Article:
Tuesday, 4 October 2011
On my office wall 2
Well, Philip Larkin of course, in his duffel coat. One would want Mr Bleaney to keep an eye on at least some of one's doings. What he makes of the De Kooning next to him would probably echo what he made of Parker, Pound and Picasso. I see him as Munnings man with a sense of irony. He does have Adolf, little doll-like Adolf, kneeling on the other side. Monet's Rouen Cathedral shimmers next to some pretty dreadful stars, and that may be a Pompeian wall painting but I can't remember now.
On the far left, at the top there is an image by Ana Maria Pacheco to my poem 'Armadillo' who was a Roman soldier once. I wrote forty of these bestiary poems and Ana Maria produced twenty magnificently coloured prints. The whole added up to a book worth four figures, but that's artists for you.
The interesting pictures are the three next to it, showing a now closed bookshop in a building that stood in plenty of need of renovation. The bookshop was called The Scientific Anglian and it was collapsing from some inner core of ruin. The owner, rumoured to be a relation of Mervyn Peake, stood in the shop near the door while customers circumnavigated the narrow passages betwen dust and cobwebs and piles of old Pelican editions, some of which might have been valuable. The condition of the building is evident in the picture on the left. The model sailing ship that had nothing to do with anything inside the shop is displayed in the window in the middle photo, and the whole glorious spectacle of Dickensian gothic is on the right. It is the sort of place where spontaneous combustion is likely to occur, if it occurs anywhere (there was a new case reported in the press last week). Under all this, a poster showing Raphael imprisoned and a flier for The Drawbridge magazine, with a cartoon of me on it. I was very pleased and proud of the cartoon.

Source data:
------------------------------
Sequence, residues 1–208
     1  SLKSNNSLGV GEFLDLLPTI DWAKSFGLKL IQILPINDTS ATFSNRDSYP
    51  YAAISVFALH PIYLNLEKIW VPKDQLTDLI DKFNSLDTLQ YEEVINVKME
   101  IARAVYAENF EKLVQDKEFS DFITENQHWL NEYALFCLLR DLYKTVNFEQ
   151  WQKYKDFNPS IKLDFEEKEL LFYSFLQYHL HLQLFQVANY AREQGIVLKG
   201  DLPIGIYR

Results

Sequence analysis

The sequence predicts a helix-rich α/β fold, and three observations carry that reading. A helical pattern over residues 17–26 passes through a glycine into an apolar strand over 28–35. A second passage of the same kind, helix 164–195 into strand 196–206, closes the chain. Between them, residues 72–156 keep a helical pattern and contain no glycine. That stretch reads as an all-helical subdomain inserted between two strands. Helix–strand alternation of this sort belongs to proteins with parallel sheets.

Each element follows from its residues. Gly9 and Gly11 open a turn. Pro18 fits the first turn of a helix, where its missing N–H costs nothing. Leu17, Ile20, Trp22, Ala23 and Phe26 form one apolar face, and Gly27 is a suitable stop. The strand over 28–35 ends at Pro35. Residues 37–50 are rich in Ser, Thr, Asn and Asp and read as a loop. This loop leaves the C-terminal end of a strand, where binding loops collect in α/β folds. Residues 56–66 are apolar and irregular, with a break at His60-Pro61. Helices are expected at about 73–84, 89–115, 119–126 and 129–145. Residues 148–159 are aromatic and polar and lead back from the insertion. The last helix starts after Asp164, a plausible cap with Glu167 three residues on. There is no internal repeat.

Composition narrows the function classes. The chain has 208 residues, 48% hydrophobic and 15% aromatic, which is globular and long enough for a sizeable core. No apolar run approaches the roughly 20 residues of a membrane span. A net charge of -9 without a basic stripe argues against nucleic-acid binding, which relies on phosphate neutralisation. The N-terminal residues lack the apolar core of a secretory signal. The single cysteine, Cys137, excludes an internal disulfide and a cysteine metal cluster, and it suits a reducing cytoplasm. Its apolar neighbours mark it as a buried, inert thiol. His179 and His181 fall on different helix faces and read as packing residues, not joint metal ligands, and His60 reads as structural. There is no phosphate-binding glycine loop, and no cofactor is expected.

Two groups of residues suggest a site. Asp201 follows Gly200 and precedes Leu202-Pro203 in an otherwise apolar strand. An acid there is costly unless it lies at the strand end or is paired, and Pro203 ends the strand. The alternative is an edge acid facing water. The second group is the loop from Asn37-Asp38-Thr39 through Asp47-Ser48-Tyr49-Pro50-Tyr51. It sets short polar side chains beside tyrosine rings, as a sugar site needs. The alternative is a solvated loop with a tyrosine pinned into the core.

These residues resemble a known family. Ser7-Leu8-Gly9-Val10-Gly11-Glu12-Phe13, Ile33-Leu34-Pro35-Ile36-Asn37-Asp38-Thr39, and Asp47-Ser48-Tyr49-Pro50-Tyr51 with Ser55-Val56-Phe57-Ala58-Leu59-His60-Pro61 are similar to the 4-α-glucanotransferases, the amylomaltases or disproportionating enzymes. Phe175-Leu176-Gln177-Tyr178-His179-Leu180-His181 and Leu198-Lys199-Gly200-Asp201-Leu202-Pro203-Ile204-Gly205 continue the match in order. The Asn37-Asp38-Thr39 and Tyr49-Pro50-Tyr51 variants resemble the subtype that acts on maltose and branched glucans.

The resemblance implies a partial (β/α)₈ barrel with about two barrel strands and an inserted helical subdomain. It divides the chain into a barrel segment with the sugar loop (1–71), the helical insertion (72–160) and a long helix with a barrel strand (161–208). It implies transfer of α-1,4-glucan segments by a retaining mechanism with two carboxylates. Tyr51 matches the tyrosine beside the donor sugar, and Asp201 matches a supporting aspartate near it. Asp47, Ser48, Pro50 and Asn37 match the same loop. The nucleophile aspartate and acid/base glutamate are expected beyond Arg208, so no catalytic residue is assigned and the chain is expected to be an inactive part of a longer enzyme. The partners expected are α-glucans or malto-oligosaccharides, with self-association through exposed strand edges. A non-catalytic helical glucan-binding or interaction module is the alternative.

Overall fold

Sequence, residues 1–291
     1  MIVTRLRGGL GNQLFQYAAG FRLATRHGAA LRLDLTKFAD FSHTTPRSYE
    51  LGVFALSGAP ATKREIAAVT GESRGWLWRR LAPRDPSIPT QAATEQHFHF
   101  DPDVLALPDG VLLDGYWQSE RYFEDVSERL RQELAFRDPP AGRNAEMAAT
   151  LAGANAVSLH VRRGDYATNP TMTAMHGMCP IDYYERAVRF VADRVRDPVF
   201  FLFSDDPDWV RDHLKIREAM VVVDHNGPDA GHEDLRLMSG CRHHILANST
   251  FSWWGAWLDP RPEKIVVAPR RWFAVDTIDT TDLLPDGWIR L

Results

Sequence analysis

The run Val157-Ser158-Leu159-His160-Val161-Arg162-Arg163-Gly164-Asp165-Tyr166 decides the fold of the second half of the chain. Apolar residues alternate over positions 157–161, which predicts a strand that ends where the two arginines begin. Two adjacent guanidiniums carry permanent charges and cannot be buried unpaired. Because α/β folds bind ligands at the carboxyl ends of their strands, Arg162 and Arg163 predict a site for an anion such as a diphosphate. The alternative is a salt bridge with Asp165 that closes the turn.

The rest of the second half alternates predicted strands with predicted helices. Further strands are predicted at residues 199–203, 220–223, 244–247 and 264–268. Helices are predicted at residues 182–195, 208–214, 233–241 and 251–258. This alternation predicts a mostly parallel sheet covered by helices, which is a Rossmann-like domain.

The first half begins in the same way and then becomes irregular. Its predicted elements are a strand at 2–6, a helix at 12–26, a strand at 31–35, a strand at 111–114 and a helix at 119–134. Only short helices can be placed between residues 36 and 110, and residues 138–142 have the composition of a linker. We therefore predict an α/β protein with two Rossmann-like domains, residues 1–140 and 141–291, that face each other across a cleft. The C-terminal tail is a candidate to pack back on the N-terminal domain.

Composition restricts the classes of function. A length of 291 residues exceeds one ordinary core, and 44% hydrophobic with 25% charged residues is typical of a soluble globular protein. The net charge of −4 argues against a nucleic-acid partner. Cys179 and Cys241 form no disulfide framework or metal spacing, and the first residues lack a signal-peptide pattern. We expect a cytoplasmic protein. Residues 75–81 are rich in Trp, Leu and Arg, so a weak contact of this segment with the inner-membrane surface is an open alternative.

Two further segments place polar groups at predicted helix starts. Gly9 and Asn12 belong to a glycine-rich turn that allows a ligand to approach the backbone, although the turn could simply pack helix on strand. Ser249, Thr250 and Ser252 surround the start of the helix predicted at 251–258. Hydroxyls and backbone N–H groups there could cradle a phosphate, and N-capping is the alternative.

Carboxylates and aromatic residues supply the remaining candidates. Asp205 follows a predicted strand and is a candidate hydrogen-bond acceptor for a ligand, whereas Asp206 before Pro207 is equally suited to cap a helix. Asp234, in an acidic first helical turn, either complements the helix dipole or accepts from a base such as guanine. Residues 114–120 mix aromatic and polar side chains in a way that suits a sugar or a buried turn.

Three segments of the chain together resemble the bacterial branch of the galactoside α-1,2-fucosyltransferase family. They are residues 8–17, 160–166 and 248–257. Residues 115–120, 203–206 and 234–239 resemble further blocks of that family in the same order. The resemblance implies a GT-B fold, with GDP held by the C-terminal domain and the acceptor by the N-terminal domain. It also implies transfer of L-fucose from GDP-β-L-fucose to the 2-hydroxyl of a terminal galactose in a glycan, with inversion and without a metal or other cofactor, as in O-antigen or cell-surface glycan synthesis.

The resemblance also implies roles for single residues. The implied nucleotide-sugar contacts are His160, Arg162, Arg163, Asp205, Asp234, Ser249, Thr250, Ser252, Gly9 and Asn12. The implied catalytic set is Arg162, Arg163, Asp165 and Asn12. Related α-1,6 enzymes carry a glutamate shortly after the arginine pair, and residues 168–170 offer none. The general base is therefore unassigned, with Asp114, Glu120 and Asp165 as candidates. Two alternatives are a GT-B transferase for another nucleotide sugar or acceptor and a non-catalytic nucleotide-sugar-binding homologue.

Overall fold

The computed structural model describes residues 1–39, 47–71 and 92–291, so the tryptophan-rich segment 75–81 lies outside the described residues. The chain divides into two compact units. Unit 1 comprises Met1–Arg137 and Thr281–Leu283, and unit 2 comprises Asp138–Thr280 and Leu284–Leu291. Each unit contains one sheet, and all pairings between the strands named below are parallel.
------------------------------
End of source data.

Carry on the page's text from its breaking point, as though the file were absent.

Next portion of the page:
A Cézanne, a Bonnard, Ella, the Dame au Licorne and, in the middle, in orange, my poem Water,selected by a project called The Poetry Cure, to be displayed on the walls of hospital toilets. Unlike the case of the cartoon, I have never known whether to be delighted or embarrassed by this. It doesn't quite feel like an honour. I hear your poem is displayed on the wall of the loo, is not as good as I hear your poem is displayed on a wall of the Louvre. Perhaps I could say the latter while meaning the former. I hope the poem brings relief to some.
I ought to change all this. I ought to put up later, newer things. At least another set of pictures. One of my colleagues has dragged a good quality cream sofa into his small room. Perhaps I could add a grandfather clock or an old armchair with an anti-macassar to mine. With a large globe of the world. A pipe-rack with pipes. A copper ashtray. A spittoon. A tiger-skin rug... why stop there? Jules Verne is waiting to see you.